Copyright | (c) The University of Glasgow 2002 |
---|---|

License | BSD-style (see the file libraries/base/LICENSE) |

Maintainer | libraries@haskell.org |

Portability | portable |

Safe Haskell | Safe |

Language | Haskell98 |

This is a library of parser combinators, originally written by Koen Claessen. It parses all alternatives in parallel, so it never keeps hold of the beginning of the input string, a common source of space leaks with other parsers. The '(+++)' choice combinator is genuinely commutative; it makes no difference which branch is "shorter".

See also Koen's paper *Parallel Parsing Processes*
(http://citeseerx.ist.psu.edu/viewdoc/summary?doi=10.1.1.19.9217).

This version of ReadP has been locally hacked to make it H98, by Martin Sjögren mailto:msjogren@gmail.com

The unit tests have been moved to UnitTest.Distribution.Compat.ReadP, by Mark Lentczner mailto:mark@glyphic.com

- type ReadP r a = Parser r Char a
- get :: ReadP r Char
- look :: ReadP r String
- (+++) :: ReadP r a -> ReadP r a -> ReadP r a
- (<++) :: ReadP a a -> ReadP r a -> ReadP r a
- gather :: ReadP (String -> P Char r) a -> ReadP r (String, a)
- pfail :: ReadP r a
- satisfy :: (Char -> Bool) -> ReadP r Char
- char :: Char -> ReadP r Char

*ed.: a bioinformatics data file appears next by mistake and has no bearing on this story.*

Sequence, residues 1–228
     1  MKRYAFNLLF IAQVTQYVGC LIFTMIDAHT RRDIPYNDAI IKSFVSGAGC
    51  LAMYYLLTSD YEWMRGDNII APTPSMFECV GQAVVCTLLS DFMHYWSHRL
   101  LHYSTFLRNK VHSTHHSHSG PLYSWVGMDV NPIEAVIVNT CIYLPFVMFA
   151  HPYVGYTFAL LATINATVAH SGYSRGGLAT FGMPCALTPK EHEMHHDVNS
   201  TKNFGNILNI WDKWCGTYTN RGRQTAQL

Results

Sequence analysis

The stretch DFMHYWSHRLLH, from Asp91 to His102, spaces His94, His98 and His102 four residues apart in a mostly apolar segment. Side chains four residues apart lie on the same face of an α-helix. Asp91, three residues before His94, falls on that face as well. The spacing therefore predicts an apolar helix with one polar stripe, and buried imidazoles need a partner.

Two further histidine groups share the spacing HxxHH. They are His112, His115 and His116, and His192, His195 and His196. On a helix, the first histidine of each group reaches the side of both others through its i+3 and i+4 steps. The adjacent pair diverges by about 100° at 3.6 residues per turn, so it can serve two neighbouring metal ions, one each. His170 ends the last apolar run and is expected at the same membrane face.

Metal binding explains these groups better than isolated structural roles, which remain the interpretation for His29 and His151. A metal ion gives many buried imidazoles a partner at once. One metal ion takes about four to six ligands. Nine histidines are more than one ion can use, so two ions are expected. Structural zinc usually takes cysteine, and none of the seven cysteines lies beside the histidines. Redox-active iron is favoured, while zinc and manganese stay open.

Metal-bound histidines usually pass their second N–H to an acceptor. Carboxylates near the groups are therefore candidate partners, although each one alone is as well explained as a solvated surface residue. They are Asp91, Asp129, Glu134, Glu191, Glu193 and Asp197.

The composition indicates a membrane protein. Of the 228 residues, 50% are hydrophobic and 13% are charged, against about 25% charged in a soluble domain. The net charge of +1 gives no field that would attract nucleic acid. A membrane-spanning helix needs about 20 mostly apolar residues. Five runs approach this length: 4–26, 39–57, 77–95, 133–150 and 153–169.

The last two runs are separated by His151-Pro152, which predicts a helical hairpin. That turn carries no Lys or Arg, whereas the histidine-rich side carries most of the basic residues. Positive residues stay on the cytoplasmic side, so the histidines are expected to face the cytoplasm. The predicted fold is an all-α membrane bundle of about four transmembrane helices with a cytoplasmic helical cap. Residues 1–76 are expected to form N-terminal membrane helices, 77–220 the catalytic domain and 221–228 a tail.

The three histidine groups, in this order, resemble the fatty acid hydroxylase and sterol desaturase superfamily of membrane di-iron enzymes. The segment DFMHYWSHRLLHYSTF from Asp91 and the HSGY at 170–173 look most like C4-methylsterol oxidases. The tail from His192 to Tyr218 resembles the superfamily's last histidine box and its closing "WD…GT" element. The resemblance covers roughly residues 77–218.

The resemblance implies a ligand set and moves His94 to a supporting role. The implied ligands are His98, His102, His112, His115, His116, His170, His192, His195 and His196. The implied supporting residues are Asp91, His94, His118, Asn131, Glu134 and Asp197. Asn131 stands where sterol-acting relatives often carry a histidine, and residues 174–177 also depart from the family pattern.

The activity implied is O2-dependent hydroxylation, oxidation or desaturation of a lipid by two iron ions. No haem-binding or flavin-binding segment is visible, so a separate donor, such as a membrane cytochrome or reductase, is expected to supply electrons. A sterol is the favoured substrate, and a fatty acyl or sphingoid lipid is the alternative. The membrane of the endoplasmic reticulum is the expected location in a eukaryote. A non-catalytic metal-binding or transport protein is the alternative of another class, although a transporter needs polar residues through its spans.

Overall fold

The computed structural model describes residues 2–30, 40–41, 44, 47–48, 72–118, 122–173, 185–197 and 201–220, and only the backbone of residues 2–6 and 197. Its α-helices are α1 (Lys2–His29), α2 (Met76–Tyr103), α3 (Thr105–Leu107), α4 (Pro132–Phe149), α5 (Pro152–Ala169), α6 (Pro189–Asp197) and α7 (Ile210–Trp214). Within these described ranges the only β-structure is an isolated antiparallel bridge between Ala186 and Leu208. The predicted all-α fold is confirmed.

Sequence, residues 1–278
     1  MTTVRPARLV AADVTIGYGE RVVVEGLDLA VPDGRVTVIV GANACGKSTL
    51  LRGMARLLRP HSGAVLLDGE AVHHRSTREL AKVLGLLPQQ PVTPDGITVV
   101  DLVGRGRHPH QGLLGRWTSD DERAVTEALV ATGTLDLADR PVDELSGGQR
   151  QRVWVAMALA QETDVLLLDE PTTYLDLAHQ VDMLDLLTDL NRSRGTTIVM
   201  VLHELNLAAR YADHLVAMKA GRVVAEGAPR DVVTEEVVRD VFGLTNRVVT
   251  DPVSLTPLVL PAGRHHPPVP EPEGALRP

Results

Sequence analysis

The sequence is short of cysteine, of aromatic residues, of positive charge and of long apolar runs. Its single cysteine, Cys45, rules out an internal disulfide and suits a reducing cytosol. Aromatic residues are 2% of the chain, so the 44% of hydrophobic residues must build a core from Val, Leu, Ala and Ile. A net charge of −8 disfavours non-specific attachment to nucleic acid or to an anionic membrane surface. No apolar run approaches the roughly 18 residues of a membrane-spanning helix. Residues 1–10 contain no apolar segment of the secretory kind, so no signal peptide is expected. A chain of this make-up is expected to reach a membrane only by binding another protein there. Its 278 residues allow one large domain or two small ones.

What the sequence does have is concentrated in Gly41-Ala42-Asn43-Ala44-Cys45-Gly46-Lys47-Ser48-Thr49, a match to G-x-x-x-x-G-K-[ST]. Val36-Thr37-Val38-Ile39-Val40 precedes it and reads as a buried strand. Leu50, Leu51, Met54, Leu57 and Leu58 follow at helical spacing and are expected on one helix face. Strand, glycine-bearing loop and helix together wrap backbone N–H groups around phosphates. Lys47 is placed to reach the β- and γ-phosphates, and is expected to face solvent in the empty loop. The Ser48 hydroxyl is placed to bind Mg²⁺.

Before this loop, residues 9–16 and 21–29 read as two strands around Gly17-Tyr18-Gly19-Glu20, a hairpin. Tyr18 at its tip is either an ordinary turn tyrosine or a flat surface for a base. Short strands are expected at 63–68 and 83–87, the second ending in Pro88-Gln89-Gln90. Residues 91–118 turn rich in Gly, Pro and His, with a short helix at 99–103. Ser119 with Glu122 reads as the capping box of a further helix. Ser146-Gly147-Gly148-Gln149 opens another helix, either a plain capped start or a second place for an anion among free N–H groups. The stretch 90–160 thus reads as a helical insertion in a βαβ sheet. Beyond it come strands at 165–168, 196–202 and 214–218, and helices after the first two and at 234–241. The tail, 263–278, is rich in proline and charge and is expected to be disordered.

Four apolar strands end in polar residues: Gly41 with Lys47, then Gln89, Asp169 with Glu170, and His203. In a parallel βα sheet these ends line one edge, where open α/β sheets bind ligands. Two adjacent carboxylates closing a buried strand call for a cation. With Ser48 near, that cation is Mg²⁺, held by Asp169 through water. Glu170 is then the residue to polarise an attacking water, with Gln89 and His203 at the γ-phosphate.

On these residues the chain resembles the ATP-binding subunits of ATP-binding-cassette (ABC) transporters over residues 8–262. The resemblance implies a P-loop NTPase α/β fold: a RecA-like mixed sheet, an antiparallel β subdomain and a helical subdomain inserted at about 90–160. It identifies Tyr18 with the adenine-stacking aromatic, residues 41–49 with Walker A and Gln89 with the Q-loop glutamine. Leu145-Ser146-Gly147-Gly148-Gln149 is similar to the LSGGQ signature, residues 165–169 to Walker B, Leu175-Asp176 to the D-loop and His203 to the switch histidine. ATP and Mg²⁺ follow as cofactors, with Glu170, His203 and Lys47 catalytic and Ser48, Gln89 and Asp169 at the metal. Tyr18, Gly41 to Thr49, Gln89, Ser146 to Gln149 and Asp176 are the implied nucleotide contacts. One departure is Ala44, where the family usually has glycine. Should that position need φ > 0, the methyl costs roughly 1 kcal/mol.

- string :: String -> ReadP r String
- munch :: (Char -> Bool) -> ReadP r String
- munch1 :: (Char -> Bool) -> ReadP r String
- skipSpaces :: ReadP r ()
- choice :: [ReadP r a] -> ReadP r a
- count :: Int -> ReadP r a -> ReadP r [a]
- between :: ReadP r open -> ReadP r close -> ReadP r a -> ReadP r a
- option :: a -> ReadP r a -> ReadP r a
- optional :: ReadP r a -> ReadP r ()
- many :: ReadP r a -> ReadP r [a]
- many1 :: ReadP r a -> ReadP r [a]
- skipMany :: ReadP r a -> ReadP r ()
- skipMany1 :: ReadP r a -> ReadP r ()
- sepBy :: ReadP r a -> ReadP r sep -> ReadP r [a]
- sepBy1 :: ReadP r a -> ReadP r sep -> ReadP r [a]
- endBy :: ReadP r a -> ReadP r sep -> ReadP r [a]
- endBy1 :: ReadP r a -> ReadP r sep -> ReadP r [a]
- chainr :: ReadP r a -> ReadP r (a -> a -> a) -> a -> ReadP r a
- chainl :: ReadP r a -> ReadP r (a -> a -> a) -> a -> ReadP r a
- chainl1 :: ReadP r a -> ReadP r (a -> a -> a) -> ReadP r a
- chainr1 :: ReadP r a -> ReadP r (a -> a -> a) -> ReadP r a
- manyTill :: ReadP r a -> ReadP [a] end -> ReadP r [a]
- type ReadS a = String -> [(a, String)]
- readP_to_S :: ReadP a a -> ReadS a
- readS_to_P :: ReadS a -> ReadP r a

# The `ReadP`

type

# Primitive operations

Consumes and returns the next character. Fails if there is no input left.

look :: ReadP r String Source #

Look-ahead: returns the part of the input that is left, without consuming it.

(<++) :: ReadP a a -> ReadP r a -> ReadP r a infixr 5 Source #

Local, exclusive, left-biased choice: If left parser locally produces any result at all, then right parser is not used.

gather :: ReadP (String -> P Char r) a -> ReadP r (String, a) Source #

Transforms a parser into one that does the same, but
in addition returns the exact characters read.
IMPORTANT NOTE: `gather`

gives a runtime error if its first argument
is built using any occurrences of readS_to_P.